This will haunt you.
gog.com is doing a special sale on Psychonauts btw.
Good point about the crazy puzzles in adventure games. That's another reason I couldn't take Grim Fandango for too long. Some puzzles were just too out there.
There was a moment where I had to remove some burning monster, to cross a bridge. I figured that I needed to blast it with a extinguisher but it just would not work, even though there was no reason for it not to. Apparently, I had to stand in a specific place to do it. That just made me quit the game and I haven't returned since.
All adventure games seem to have such moments.
Still, Neverhood remains an excellent example on how to do puzzles properly. They don't make any sense whatsoever outside the game world.
BTW, Neverhood is in my top 3 list. With Fallout and Diablo.
This list sucks, BN. It's also fairly pointless to make such a list when you've obviously not played nearly enough games to be a reliable judge.
'But this is my list of preferences, it's personal and highly subjective...'
Then maybe you should mind your egotripping logic:
Says who? Says you?
A guy who puts goddamn Earthworm Jim in his list of favourites?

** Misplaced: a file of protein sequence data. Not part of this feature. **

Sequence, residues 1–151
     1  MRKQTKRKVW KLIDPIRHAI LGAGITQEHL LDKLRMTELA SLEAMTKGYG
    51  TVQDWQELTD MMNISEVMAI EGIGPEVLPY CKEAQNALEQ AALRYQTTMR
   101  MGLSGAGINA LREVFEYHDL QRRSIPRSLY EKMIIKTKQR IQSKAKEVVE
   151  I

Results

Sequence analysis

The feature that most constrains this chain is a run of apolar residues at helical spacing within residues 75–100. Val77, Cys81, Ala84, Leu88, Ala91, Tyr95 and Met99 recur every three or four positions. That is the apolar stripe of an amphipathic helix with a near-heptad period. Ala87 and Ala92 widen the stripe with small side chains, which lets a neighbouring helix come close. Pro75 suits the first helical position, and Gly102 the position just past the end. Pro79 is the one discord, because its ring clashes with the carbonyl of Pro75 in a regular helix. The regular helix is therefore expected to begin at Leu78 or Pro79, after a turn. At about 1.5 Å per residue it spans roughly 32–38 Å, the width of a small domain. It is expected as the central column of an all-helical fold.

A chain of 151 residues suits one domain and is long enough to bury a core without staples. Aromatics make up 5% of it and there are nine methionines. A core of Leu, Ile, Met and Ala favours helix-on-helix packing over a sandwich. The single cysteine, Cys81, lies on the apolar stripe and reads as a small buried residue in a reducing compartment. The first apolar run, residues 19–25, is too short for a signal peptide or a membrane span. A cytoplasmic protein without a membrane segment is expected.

Someone who never played Day Of The Tentacle or Full Throttle?
Nice buzzkill alec. Go pout in some other thread.
9. Arcanum: Of Steamworks & Magick Obscura - Troika Studios (Windows, 2001)
I've delayed writing on #9 because it's such a hard title to write on. Like many gamers, I have a bit of a love-hate relationship with most of Troika's work, including Arcanum.
Arcanum...well...let's first just state outright that Arcanum tries to do everything you could reasonably want in an RPG. It has a complex character system, non-class based and with a freedom that ranges not just from choice in stats and skills but also in magical and technological alignment, made even better by the freedom to choose race and background. It has a unique world based on the dichotomy of (steampunk) technology and magic, which is well worked out in political factions and history as well.
Its gameplay is based on an open world with total freedom to screw up, as choice and consequence rules more supreme than in its declining Noughties counterparts. And its NPCs, quest and a chunk of its main plot are well thoughtout and deep. I always like it when games throw me for a loop and twist expectations, and Arcanum's opening - with you receiving a ring for "the boy" before meeting up with a man who pretty much declares you the chosen one - is wonderful both in bending genre expectations and putting you on the wrong foot initially, which is where you should be.